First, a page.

You could use this energy, though, to your own advantage. Instead of trying to stop this kind of obsessive thinking, you could actually make it work for you. Switch into problem-solving mode. Obsess, yes, but this time with concrete questions.

Notice what happens when you give your mind a concrete question. If you feed your brain with questions such as how to get started with your invoice task, how to do it better, what music to listen to while you are doing the task, you will start getting answers. And what is more? When you put your brain in problem-solving mode, the worrying will stop. Try it and see for yourself if it works. And remember, an anxious mind is a healthy mind.

Thanks for reading!

Tuesday 10 March 2015

The Athens polytechnic graffiti and the subtle power of urban art

Some days ago, the residents of Athens, Greece, woke up to a huge black-and-white graffiti covering the historic Athens Polytechnic University. It was created during the night, and as you can see, it is not a clumsy job. It needs time, craftsmen, and money to create such a thing.

Who did this? And why? And most importantly, why is everyone talking about it? And not just talking about it; as is common for us Greeks, this has become a philosophical debate. This time is about art. What is art? Is this art? For some people, this is not art, because it is ugly. For others, it is not, because no one says so (it is not part of an art exhibition, that is). For others, it is not, because it is vandalism, an act of destruction.

But why is everyone so uncomfortable? For various reasons, I think. First of all it is bleak. If our journalists were more familiar with Dickens, they would use Bleak House in their headline puns. It is bleak in a deep, depressive way. Some of us can see our troubles, our fears, our worries, projected right onto these walls. No wonder we don't like it at all.

Moreover, I think people are uncomfortable because they have connected it with fear. If someone is capable of going along with such a large-scale project surreptitiously, this someone will do it again. Are our monuments safe? It's all we have, you know.

Besides, this particular building complex carries special significance for us. Athens Polytechnic University was where on November 14-17, 1973, during the military junta, the student uprising took place. Since then, the building has become a symbol; especially during the demonstrations commemorating the 1973 uprising. It has seen countless sit-ins, protest meetings, demonstrations, and in its quaint neoclassical majesty, notwithstanding its wounds, it still stands there today keeping that tragic November night alive.

This graffiti is yet another wound. And in my opinion, this is art. True art kicks us out of our comfort zone, helps us become part of the wound. It celebrates the wound. And, to paraphrase Williams Carlos Williams, the famous American poet, a new coat of paint / is one way of expressing it. However ugly this graffiti may be, since people want to get rid of it so much, it may have hit a particularly raw, raw, nerve.  

Thank you for reading.

Tuesday 8 July 2014

5 things translators do better

After a long day's toil, having worked hard on difficult translations, sometimes I really feel like reading a pick-me-up blog post! Don't you agree? That's why I chose this topic. Indeed, we should never forget what makes us special. We are versatile, diligent, and indispensable; we are translators! And here are the 5 things that we do better. Ready?


Since we always have to deal with a deadline and a bulk of text, we have learned to plan better. So, what do we do? We break the goal into small, manageable goals which seem less overwhelming. What's more, we are used to think in terms of deadlines, which makes keeping track of our goals much easier.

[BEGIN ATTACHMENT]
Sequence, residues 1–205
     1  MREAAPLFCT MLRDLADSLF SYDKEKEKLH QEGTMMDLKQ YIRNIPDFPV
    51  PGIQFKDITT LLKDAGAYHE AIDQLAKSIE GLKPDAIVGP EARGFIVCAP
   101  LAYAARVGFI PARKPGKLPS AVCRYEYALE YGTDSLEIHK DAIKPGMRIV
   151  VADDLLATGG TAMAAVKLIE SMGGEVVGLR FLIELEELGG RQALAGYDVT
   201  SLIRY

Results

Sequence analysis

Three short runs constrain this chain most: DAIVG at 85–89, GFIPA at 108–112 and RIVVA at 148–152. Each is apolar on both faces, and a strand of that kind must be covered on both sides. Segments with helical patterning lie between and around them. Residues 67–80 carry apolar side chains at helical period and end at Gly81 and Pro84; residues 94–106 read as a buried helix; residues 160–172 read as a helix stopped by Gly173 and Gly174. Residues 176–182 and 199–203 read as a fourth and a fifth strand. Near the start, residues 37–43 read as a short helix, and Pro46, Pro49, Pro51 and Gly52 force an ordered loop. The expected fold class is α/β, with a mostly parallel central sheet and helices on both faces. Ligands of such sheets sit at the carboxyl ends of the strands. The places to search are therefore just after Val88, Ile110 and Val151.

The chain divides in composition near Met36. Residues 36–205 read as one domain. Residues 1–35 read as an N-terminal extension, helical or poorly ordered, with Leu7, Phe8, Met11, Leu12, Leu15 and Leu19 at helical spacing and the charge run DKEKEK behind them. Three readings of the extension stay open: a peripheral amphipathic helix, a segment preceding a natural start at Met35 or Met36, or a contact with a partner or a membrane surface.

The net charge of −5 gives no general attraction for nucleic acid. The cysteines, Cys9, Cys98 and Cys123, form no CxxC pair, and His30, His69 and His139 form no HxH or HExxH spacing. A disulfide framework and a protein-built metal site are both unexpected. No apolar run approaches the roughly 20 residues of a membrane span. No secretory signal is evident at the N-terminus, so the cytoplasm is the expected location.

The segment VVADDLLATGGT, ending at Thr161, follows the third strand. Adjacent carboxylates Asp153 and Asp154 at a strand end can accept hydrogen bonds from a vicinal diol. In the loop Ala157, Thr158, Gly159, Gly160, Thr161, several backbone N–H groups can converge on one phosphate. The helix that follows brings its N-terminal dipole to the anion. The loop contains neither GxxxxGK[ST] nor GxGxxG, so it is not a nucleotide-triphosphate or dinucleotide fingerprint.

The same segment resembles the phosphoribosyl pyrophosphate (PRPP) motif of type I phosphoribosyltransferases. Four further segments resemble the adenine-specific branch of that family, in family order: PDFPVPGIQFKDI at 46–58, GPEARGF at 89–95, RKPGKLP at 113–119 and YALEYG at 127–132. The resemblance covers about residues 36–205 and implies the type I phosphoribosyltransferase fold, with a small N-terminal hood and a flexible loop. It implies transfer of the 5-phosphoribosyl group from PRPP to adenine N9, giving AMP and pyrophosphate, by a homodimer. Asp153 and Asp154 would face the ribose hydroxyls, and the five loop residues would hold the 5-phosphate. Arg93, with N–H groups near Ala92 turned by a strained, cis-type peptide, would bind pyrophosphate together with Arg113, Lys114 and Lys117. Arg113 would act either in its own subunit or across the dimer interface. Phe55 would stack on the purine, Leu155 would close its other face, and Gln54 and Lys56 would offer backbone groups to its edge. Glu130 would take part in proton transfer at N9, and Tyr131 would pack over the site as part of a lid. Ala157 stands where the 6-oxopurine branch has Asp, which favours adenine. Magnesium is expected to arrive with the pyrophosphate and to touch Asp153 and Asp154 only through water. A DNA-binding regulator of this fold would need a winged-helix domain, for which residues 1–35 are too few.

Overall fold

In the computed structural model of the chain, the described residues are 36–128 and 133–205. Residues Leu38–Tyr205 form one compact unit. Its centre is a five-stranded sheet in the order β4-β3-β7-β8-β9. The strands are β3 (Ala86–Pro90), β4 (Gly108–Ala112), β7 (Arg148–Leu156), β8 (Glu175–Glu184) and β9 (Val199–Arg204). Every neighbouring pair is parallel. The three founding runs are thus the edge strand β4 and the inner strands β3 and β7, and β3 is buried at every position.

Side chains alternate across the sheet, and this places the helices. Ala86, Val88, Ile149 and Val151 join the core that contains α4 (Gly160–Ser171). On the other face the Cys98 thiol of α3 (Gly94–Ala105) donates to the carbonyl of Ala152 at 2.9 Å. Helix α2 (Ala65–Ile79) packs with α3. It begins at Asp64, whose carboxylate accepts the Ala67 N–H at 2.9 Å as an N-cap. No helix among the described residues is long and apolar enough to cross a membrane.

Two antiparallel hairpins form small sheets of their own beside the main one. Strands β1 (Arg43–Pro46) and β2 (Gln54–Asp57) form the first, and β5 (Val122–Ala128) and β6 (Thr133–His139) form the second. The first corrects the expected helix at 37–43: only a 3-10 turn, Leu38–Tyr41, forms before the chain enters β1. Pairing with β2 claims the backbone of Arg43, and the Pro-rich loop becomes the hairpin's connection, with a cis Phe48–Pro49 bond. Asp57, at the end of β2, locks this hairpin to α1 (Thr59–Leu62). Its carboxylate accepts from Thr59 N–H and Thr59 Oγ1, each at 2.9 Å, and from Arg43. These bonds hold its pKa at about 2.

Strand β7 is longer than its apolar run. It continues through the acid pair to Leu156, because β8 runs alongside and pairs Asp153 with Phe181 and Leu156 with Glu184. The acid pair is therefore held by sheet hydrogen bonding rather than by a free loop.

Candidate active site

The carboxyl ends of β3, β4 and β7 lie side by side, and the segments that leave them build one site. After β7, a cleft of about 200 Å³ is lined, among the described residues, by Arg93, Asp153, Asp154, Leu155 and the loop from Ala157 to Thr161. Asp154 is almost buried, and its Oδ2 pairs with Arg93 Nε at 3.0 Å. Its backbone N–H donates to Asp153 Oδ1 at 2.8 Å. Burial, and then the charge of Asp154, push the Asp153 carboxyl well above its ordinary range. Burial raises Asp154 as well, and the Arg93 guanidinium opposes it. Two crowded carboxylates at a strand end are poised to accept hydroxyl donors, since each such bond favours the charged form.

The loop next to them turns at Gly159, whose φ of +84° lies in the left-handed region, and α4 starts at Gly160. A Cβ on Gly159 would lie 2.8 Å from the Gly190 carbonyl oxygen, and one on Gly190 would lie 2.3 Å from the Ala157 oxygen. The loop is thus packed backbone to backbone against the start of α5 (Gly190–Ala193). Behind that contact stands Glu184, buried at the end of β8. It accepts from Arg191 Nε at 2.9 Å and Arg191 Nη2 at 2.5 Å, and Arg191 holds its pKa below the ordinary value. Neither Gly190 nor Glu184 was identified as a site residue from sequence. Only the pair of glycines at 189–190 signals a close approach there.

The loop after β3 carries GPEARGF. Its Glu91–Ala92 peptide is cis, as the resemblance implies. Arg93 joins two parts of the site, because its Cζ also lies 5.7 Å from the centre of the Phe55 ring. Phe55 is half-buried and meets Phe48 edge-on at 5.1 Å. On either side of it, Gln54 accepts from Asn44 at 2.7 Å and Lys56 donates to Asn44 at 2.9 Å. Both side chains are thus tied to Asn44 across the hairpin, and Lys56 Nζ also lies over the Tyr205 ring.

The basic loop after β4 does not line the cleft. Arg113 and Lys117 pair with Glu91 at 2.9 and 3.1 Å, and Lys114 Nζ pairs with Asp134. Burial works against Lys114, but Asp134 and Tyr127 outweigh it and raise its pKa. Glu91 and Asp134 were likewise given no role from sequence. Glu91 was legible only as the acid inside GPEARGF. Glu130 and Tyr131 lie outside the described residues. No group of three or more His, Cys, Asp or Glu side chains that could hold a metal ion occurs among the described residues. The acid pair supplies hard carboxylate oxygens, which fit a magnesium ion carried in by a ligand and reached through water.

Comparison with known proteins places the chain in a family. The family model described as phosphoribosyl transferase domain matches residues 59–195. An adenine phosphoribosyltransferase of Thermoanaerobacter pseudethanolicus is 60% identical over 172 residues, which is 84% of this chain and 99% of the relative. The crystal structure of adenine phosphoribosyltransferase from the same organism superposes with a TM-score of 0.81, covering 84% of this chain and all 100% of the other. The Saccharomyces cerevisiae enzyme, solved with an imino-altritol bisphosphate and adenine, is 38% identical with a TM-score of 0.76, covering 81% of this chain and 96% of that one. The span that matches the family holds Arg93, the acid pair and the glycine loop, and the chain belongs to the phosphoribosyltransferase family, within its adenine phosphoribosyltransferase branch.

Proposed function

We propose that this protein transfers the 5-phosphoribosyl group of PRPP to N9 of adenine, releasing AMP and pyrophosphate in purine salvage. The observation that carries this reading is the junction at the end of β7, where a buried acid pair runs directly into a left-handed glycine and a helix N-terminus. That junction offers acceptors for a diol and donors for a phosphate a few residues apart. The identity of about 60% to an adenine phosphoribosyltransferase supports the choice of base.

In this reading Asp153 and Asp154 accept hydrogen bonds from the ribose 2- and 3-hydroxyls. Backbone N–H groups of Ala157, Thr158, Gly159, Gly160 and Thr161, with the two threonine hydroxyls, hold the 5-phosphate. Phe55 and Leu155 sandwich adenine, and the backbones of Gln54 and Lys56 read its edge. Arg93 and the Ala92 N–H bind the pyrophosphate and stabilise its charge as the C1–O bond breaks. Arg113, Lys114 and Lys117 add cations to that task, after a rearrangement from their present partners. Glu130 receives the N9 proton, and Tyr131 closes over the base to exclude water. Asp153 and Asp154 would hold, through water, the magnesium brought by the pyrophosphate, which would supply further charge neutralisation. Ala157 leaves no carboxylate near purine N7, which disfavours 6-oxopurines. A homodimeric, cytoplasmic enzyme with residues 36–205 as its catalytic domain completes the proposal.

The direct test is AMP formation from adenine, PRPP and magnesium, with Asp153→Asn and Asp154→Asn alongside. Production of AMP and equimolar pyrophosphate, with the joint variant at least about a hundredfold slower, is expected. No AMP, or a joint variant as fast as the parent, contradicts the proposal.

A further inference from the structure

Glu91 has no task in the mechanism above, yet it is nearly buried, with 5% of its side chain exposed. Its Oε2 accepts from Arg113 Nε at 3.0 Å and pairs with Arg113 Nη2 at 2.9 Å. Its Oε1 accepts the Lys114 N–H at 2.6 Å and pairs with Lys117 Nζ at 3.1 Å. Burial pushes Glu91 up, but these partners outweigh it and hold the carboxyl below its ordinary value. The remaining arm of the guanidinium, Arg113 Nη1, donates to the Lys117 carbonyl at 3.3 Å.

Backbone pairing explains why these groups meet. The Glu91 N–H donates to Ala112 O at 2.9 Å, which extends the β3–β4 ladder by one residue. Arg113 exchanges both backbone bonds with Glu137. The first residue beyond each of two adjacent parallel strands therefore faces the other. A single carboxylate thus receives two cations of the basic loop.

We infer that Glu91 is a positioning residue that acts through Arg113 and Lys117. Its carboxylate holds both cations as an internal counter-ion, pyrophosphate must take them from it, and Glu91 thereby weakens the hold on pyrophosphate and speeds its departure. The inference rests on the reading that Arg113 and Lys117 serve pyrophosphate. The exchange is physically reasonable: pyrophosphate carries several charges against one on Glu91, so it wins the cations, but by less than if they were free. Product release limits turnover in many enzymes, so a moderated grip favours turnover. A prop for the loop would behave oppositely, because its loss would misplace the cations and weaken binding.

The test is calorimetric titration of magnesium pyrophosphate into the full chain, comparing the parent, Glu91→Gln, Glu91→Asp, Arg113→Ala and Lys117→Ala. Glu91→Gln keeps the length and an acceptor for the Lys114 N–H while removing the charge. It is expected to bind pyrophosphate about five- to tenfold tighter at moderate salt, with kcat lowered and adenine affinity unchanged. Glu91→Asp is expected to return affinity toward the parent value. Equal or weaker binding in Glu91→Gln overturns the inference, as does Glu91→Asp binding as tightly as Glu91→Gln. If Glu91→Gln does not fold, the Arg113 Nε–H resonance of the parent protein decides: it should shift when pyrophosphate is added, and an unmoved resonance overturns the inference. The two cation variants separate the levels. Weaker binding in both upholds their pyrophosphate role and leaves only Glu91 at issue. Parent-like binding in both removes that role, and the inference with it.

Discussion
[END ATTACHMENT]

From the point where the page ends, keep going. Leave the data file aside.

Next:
As translators we know very well that it's not always possible to communicate everything with words. We are very much aware of the importance of the things that are left unsaid. Moreover, translation has made us always communicate clearly and concisely because we understand very well the importance of using the right word.


We also write clearly and concisely, making it easy for the reader to follow what we want to say. Since we have struggled so many times with obscure texts, we know very well how hard it is for the readers to follow a difficult text. That's why we always make sure that our texts are readable.


This sensitivity of ours regarding the nuances of writing makes us also better readers. We always read carefully and deeply. Besides, we usually try to work out how certain sentences would be translated into another language! This procedure is what I call deep reading! There's no deeper reading than this!


We cope better because we are dealing with the impossible. Transforming a text into a text which reads as if it were written originally in another language, for some seems an impossible task. And here we are, the most diligent workers of words, transforming the impossible into the possible. Who is more able to cope better with difficulties in life than us translators?

What do you think? :)

Tuesday 18 March 2014

Let the children play

I was very happy that so many people liked my previous post: It’s better late than never for freelance translators. However, I would like to point out that while for most things in life it’s better late than never, there are some things that must happen at the correct moment. But before I continue, I’d like to say that while I haven’t got children myself, I used to be a child, and people who are not parents should not be excluded from the discussion a priori. All voices have something to contribute, right?

So, what I’m trying to say is that while it is possible to do a lot of things later in life, it is impossible to relive your childhood. That’s why for me it goes without saying that no-one should mess with a child’s childhood.

My own childhood is a very special place that I enjoy to revisit quite often. I am capable of locating this precious feeling of being a child. I can recall how it feels to be open to every possibility, how it feels to be fresh, innocent and receptive. A certain song, a comic book, a movie can send me straight back to that special place, giving me at the same time a new lease of life, and strength to keep going. I can remember exactly what excited me as a child: a new book, learning English, exploring geography and astronomy… and this excitement is ever alive with me, even in my darkest moments.

It is impossible to experience being a child again. Our childhood happens only once. That’s why it is extremely important to let children be children. They are entitled to have this special place of their childhood to accompany them as adults. Some people don’t understand it. That’s why we see certain parents relying on their children, assigning to them roles and responsibilities that the children cannot resume. Usually these parents feel especially ‘proud’ of their little ‘lambs dressed as muttons’. But that’s just not right.

Childhood is about making mistakes. About playing. About being innocent. About exploring the world. About making silly declarations or ludicrous revolutions. I know that it is very difficult to become a good parent and that we should not judge. But when you think that it is impossible to become a child ever again, you realise that, after keeping children healthy and fed and clean, we must protect their childhood. Let the children play.